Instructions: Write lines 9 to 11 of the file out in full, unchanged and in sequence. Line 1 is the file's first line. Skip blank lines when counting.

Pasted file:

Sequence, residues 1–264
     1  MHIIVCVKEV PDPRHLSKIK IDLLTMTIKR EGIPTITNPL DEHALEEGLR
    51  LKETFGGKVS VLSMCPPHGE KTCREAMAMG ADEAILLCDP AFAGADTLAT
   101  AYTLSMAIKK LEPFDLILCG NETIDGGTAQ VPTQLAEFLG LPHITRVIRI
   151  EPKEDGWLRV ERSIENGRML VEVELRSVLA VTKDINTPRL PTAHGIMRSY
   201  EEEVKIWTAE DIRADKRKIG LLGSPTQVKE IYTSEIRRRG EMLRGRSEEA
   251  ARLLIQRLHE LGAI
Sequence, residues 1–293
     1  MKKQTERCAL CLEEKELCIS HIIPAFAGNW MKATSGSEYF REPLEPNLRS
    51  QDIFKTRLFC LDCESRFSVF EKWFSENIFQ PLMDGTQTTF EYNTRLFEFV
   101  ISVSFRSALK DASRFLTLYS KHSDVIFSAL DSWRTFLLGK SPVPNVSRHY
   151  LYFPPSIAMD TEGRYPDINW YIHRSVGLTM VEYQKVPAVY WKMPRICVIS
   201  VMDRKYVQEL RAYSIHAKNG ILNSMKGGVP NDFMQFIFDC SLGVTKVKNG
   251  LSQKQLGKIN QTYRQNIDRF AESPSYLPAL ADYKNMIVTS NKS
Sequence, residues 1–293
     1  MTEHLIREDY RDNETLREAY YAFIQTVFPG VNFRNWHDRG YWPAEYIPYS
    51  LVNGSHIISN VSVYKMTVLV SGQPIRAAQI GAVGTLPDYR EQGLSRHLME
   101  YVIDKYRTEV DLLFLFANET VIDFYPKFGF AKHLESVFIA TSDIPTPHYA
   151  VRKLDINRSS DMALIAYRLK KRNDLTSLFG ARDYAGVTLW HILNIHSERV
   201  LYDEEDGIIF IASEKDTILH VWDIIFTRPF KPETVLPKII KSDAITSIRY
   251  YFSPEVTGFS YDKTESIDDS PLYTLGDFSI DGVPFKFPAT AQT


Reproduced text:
     1  MKKQTERCAL CLEEKELCIS HIIPAFAGNW MKATSGSEYF REPLEPNLRS
    51  QDIFKTRLFC LDCESRFSVF EKWFSENIFQ PLMDGTQTTF EYNTRLFEFV
   101  ISVSFRSALK DASRFLTLYS KHSDVIFSAL DSWRTFLLGK SPVPNVSRHY